Diana D’Amico Pawlewicz, Ph.D., a historian of education and social policy, is an assistant professor in the Educational Foundations and Research Program at the University of North Dakota supported by the Elnora Danley Professorship. Dr. D’Amico Pawlewicz’s research explores school policy as social policy and centers on fundamental questions around equity, race, power, and the role of institutions in creating or disrupting inequality. Dr. D’Amico Pawlewicz strives to construct her historical scholarship upon an interdisciplinary foundation that draws upon sociology, economics, gender studies, and critical race theory. Through her scholarship and teaching, Dr. D’Amico Pawlewicz envisions herself as a bridge builder connecting (1) history to disciplines across the university, (2) the past to the present, and (3) the university to the public. Specifically, Dr. D’Amico Pawlewicz’s research explores the history of the public school workforce and the creation and maintenance of racialized ideas, policies, and practices. Her work has appeared in the Washington Post, History of Education Quarterly, Harvard Educational Review, Labor: Studies in Working Class History, American Educational Research Journal, and several other outlets. Dr. D’Amico Pawlewicz’s first book, Blaming Teachers: Professionalization Policies and the Failure of Reform in American History, will be out in August of 2020. She is also editing a volume entitled Walkout: Teacher Militancy, Activism, and School Reform to be published by IAP and conducting research for her third book, tentatively titled Pathologizing Blackness: The National Teacher Corps, Federal Education Policy, and the Politics of Race and Achievement. Dr. D’Amico Pawlewicz earned her Ph.D. from New York University where she was a Spencer Dissertation Fellow and received the Politics of Education Association’s Outstanding Dissertation Award. After earning her degree, she spent a post-doctoral year as a visiting assistant professor at Brown University. Before arriving at UND, Dr. D’Amico Pawlewicz was assistant professor at George Mason University where she served as Professor-in-Charge of the Education Policy Doctoral Specialization and was named a University Teacher of Distinction.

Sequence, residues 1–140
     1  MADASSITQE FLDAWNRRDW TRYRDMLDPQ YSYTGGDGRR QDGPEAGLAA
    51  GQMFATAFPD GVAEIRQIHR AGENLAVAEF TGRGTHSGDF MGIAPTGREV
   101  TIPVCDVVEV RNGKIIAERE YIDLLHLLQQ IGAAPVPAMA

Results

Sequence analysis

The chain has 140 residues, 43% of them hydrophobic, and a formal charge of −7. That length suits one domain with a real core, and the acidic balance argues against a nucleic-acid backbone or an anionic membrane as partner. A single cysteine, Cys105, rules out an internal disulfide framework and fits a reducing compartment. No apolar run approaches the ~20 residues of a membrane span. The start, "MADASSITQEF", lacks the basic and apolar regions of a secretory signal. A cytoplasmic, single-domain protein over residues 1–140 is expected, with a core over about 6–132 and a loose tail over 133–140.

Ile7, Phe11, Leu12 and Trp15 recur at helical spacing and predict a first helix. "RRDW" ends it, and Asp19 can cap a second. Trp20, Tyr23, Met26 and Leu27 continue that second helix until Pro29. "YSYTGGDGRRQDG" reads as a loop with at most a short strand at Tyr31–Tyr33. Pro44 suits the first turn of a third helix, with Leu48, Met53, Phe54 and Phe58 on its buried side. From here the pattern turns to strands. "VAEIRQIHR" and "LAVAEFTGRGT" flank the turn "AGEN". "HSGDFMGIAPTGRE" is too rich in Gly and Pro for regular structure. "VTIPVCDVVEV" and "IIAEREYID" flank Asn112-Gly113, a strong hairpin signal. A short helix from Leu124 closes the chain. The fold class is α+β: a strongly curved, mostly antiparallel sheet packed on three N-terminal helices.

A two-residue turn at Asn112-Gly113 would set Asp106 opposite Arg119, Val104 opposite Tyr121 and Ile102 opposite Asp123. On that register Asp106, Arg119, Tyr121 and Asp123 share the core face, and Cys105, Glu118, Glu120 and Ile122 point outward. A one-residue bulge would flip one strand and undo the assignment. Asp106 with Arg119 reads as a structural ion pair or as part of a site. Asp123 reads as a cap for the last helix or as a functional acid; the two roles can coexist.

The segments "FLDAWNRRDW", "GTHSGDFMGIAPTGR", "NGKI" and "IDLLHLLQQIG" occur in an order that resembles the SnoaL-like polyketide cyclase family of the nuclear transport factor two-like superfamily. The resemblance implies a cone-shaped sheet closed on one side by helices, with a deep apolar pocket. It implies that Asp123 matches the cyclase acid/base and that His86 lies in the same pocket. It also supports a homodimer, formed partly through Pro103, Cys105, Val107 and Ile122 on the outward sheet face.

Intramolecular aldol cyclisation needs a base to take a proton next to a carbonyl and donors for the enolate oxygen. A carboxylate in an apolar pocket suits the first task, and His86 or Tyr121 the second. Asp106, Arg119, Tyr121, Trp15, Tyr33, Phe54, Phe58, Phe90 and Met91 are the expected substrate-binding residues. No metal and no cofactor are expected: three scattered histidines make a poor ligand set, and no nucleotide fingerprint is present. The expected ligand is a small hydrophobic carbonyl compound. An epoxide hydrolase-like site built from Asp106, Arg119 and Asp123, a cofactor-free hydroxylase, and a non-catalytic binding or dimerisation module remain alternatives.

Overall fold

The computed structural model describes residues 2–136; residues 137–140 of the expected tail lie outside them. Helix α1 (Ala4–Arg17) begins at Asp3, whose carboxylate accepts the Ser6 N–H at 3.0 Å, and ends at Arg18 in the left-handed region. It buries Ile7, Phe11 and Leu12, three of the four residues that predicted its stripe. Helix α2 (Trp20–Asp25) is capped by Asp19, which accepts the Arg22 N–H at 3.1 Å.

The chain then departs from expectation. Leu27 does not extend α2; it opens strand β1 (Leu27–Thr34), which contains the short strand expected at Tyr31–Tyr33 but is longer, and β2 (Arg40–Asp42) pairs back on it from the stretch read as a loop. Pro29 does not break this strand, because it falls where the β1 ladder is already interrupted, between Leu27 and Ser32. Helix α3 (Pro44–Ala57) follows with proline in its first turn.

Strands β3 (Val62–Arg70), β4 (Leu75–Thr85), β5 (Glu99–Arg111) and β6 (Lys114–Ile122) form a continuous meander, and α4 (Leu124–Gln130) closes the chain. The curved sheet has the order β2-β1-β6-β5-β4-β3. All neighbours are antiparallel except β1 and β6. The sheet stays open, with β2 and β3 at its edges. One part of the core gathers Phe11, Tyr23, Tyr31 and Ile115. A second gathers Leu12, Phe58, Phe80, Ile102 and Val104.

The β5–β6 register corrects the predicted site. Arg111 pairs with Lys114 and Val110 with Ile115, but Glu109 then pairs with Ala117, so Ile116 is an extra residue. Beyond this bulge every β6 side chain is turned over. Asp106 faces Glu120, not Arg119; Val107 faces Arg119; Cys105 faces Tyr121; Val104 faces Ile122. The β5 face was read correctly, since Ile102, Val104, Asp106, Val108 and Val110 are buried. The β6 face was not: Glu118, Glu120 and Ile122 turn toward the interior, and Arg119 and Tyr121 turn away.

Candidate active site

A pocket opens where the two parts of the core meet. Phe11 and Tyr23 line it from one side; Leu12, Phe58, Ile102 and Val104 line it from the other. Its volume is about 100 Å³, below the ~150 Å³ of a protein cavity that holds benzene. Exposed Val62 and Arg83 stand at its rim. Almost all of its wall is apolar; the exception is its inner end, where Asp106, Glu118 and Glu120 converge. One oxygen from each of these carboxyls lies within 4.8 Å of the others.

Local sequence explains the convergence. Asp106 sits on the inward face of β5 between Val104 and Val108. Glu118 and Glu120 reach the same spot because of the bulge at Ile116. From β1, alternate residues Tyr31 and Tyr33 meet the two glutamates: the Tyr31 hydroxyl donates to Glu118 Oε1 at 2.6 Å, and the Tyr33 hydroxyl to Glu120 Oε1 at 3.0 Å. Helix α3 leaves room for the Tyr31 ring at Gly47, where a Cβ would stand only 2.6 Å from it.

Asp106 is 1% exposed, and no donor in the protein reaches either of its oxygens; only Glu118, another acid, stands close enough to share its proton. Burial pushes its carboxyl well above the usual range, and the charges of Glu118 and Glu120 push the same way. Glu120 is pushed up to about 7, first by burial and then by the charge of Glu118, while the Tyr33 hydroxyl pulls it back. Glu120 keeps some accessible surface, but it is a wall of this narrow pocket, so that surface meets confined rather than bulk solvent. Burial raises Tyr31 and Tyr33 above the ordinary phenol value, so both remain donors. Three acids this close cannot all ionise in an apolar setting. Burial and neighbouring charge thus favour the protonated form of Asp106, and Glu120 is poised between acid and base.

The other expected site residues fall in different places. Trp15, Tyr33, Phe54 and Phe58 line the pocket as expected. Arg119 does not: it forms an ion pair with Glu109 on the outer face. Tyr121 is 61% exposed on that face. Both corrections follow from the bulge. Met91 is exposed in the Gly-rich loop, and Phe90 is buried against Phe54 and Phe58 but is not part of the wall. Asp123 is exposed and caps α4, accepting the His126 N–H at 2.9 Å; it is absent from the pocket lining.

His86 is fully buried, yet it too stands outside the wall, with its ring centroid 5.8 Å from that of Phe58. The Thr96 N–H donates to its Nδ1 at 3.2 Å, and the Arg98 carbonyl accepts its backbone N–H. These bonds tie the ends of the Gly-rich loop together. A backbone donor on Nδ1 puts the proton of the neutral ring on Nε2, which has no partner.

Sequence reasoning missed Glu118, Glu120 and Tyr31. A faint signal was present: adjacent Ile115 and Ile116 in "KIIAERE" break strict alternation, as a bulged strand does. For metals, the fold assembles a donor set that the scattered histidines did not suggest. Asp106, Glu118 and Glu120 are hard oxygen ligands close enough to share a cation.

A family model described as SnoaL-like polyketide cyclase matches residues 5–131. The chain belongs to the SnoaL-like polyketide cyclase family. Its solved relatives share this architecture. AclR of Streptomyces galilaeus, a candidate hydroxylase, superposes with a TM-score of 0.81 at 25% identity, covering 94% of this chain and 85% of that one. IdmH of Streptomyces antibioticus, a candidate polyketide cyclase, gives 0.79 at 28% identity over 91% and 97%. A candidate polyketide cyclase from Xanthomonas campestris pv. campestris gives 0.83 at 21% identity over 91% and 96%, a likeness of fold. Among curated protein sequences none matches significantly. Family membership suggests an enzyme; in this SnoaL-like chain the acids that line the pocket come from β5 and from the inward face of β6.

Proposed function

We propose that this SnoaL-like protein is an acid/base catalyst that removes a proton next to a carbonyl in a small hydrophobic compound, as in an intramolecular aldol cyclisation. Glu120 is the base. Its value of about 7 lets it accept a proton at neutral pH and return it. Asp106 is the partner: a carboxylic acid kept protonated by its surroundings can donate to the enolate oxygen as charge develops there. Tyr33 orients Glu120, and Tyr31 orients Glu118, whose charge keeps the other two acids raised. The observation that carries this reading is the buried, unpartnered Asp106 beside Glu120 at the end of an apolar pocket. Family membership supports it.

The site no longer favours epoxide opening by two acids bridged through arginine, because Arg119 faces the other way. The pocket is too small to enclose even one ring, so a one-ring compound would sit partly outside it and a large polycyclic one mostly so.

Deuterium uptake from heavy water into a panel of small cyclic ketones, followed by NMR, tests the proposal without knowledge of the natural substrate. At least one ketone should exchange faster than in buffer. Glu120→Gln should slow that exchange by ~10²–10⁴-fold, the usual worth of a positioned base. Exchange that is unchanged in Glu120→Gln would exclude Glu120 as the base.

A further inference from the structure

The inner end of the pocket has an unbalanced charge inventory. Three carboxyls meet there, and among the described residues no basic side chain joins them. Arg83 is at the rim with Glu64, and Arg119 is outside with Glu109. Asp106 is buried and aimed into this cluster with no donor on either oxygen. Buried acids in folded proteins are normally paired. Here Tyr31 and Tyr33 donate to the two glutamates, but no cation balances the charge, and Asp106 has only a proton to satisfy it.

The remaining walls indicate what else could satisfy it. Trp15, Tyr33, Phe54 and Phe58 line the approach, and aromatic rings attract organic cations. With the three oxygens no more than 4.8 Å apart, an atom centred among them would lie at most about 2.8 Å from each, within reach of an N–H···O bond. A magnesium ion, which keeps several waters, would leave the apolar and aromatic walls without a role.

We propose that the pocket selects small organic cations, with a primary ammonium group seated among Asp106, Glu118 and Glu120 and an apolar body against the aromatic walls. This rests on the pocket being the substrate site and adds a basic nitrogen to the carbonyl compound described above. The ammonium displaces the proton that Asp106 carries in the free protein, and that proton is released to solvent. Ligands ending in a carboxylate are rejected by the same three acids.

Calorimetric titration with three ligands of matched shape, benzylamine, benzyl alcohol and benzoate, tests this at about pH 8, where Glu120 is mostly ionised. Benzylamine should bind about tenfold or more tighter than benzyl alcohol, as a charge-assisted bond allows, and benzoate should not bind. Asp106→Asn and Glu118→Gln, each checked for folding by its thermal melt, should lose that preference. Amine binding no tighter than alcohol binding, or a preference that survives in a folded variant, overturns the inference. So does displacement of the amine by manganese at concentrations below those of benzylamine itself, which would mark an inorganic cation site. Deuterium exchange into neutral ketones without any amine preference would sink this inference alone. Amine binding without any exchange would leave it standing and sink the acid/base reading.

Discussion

Noting that professionalization helped doctors and lawyers secure higher-status, higher-paying jobs, while landing teachers on only the bottom rung of a K-12 bureaucracy ladders, D’Amico Pawlewicz asks and answers, ‘Why?
24-Aug-2020 08:15:51 AM EDT